Staying Safe and Staying Connected
Good Morning Saint Stephen’s Church,
We continue our life of daily prayer. The Lord be with you!
Take, Lord, receive all my liberty, my memory, my understanding, my whole will, all that I have and all that I possess. You gave it all to me, Lord; I give it all back to you. Do with it as you will, according to your good pleasure. Give me your love and your grace; for with this I have all that I need.
– Ignatius of Loyola (1491-July 31, 1556)
Today we commemorate Ignatius of Loyola.
Ignatius of Loyola (1491-July 31, 1556) was the founder of the Jesuits. He was born in the Basque province of Guipuzcoa, Spain. Ignatius was a soldier who underwent a conversion on May 20, 1520, while he was recuperating from a leg wound. With six companions he founded the Society of Jesus (Jesuits) in Paris on Aug. 15, 1534, to work for the conversion of heretics. In Nov. 1538 the society placed itself at the service of the Pope. The motto of the society is, “For the greater glory of God.” Ignatius has influenced most forms of modern Christian spirituality through the Spiritual Exercises. Ignatius composed this work to guide retreatants through a thirty-day process in which they choose between God and evil. They also learn to meditate on the life of Christ and to imitate him. The society specializes in education in the spirit of the Counter-Reformation, with a generous opening to classical and humanistic studies. Ignatian spirituality has an Incarnational emphasis that seeks “to find God in all things,” serving God and humanity. Ignatius died in Rome. He was canonized on May 22, 1622.
From Our Prayers of the People
For the special needs and concerns of our congregation.
We remember people throughout the world: in places of war and strife, especially refugees and all victims of violence and oppression.
For comfort and healing for all who are affected by the Coronavirus around the world: for physicians, nurses, and all others who minister to the sick and the suffering, and for those administering the vaccination, may God grant them wisdom and skill, sympathy and patience, and may God keep them healthy and safe.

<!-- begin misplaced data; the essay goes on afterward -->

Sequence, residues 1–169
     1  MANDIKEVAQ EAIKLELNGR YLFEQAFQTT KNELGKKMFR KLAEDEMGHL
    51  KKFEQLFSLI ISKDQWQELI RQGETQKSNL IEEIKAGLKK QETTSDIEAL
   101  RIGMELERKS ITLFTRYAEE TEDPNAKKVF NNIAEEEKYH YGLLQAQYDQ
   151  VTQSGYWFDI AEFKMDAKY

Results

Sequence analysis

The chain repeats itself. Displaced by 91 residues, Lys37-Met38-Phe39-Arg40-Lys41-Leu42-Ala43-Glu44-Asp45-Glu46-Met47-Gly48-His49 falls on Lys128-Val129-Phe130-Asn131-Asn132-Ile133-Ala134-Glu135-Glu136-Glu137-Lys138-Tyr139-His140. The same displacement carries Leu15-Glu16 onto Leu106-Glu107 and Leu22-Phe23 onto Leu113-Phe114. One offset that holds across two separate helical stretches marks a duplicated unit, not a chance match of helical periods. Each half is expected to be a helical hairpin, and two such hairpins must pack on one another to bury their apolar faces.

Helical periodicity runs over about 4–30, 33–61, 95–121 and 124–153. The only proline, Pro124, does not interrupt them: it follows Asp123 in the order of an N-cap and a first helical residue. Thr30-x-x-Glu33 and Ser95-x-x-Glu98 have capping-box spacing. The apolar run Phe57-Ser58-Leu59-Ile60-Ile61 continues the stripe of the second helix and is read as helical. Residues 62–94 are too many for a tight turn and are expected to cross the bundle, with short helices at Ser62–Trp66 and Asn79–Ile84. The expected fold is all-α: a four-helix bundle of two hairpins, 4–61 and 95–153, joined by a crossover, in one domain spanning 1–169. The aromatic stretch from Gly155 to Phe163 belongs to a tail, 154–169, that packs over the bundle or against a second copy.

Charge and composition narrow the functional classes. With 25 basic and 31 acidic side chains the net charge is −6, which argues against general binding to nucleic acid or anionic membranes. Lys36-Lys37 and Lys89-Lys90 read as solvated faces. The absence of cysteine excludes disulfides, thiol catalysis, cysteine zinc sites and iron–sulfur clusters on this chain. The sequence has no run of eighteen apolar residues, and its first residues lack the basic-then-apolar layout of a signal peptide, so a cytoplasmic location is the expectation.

For all essential workers: for police, firefighters, EMTs, postal workers, sanitation workers, grocery personnel, delivery and transport workers, and all who must report to work because what they do is essential for our well-being, health, and safety.
For all historical acts of injustice and oppression: especially those perpetrated against native, Black, Hispanic and various Asian Americans in this abundant land, that we may recognize racism in ourselves, in our church, in our society, and the times we have failed to take action.
For a reverence for the earth as God’s own creation: that we may use its resources rightly in the service of others and to God’s honor and glory, and for wisdom, guidance, and persistence as we face the challenges of climate change and work for the flourishing and health of all the earth.
For those on the Parish Prayer Chain: Ruth, Molly, Kenny, Danny, Charlotte, Diana, Caleb, June, Ruth, David, Kathy Nick, Roberta, Beth, Walker, Warren, Steven, Susan, Ann, John, Stephen.
For those who are homebound: Joan, Janet and Marilyn.
For our Government Leaders: Joseph Biden, President of the United States; Andrew Cuomo, Governor of New York State; Gary McCarthy, Mayor of Schenectady.
For our Church Leaders: Justin Welby, Archbishop of Canterbury, Michael Curry, Presiding Bishop; James and Dennie, our priests; Pat, our deacon emeritus and Allison, our Lay Reader.
For those who are imprisoned: those particularly vulnerable at this time, especially the women in the Schenectady County Jail.
For Members who request our prayers for strength and healing: Eunice, Vincent, Priscilla, Ruth, Mary Frances, Debbie, Joe.
For all the blessings of this life.
For our dioceses in the Anglican Communion: The Diocese of San Diego – The Episcopal Church (VIII (8) Province.
For all who have died: Dorothy, Jean, Daisy, Barbara, Rose, Margaret, Mary.
For one another.
Something to share
The Daily Examen is adapted from a technique described by Ignatius Loyola in his Spiritual Exercises. It is a technique of prayerful reflection on the events of the day in order to detect God’s presence and discern his direction for us. The Examen is an ancient practice in the Church that can help us see God’s hand at work in our whole experience.
Ignatius thought that the Examen was a gift that came directly from God, and that God wanted it to be shared as widely as possible. One of the few rules of prayer that Ignatius made for the Jesuit order was the requirement that Jesuits practice the Examen twice daily—at noon and at the end of the day. It’s a habit that Jesuits, and many other Christians, practice to this day.